Adzemovic MZ, Zeitelhofer M, Hochmeister S, Gustafsson SA, Jagodic M. Efficacy of vitamin D in treating multiple sclerosis-like neuroinflammation depends on developmental stage. Exp Neurol. 2013 Aug 13. doi:pii: S0014-4886(13)00242-2. 10.1016/j.expneurol.2013.08.002. [Epub ahead of print]
The association of vitamin D deficiency with higher prevalence, relapse rate and progression of multiple sclerosis (MS) has stimulated great interest in using vitamin D supplementation as a preventative measure and even a therapy for established MS. However, there is a considerable lack of evidence when it comes to an age/developmental stage-dependent efficacy of vitamin D action and a time-window for the most effective prophylactic treatment remains unclear. We studied the effect of vitamin D supplementation in myelin oligodendrocyte glycoprotein (MOG)-induced experimental autoimmune encephalomyelitis (EAE), an animal model of MS, at three different developmental stages in rats. Supplementation treatment was initiated: i) prior to gestation and maintained throughout pre- and early postnatal development (gestation and lactation); ii) after weaning, throughout juvenile/adolescence period and iii) in adult age. We observed a marked attenuation of EAE in juvenile/adolescent rats reflected in a less severe CNS inflammation and demyelination, accompanied by a lower amount of IFN-γ producing MOG-specific T cells. Moreover, the cytokine expression pattern in these rats reflected a more anti-inflammatory phenotype of their peripheral immune response. However, the same supplementation regimen failed to improve the disease outcome both in adult rats and in rats treated during pre- and early post-natal development. Our data demonstrate a developmental stage-dependent efficiency of vitamin D to ameliorate neuroinflammation, suggesting that childhood and adolescence should be the target for the most effective preventive treatment.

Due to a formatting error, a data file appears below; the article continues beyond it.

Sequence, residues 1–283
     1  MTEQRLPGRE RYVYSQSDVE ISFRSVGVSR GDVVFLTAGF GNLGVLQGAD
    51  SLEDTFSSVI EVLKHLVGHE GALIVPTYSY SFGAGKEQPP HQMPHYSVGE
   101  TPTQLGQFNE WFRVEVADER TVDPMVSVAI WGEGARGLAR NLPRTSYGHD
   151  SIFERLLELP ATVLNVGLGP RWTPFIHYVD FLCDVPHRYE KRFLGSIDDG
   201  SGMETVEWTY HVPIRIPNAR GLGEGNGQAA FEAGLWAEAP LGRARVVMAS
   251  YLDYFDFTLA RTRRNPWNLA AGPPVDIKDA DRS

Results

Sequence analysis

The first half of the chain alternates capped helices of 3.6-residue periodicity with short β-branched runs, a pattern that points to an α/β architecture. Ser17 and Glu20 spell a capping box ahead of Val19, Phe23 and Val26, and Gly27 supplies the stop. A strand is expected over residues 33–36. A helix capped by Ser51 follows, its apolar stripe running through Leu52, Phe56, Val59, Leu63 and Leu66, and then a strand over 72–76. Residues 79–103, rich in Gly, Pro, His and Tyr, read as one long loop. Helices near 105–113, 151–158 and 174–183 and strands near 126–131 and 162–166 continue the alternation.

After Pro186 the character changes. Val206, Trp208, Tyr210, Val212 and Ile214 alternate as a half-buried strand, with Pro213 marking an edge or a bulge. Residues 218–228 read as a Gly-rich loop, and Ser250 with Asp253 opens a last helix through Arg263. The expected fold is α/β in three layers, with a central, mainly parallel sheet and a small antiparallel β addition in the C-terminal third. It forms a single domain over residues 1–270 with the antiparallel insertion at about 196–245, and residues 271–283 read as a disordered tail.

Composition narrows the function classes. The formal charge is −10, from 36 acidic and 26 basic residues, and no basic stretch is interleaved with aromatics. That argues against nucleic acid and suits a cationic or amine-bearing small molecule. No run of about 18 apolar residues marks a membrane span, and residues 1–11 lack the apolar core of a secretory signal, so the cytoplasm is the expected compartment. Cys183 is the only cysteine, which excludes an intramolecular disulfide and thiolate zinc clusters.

So vitamin D has some influence of can occur on EAE and affected juvenile animals, but what does it mean for MS…I don’t know……The implications are that vitamin D may be active during childhood so make sure your kids are supplemented if they don’t get enough sunlight but the data in humans look like there is an effect in the uterus
Rats are dark adapted animals and so will not respond to sunlight in the same way as humans and vitamin D no doubt has evolved differnently.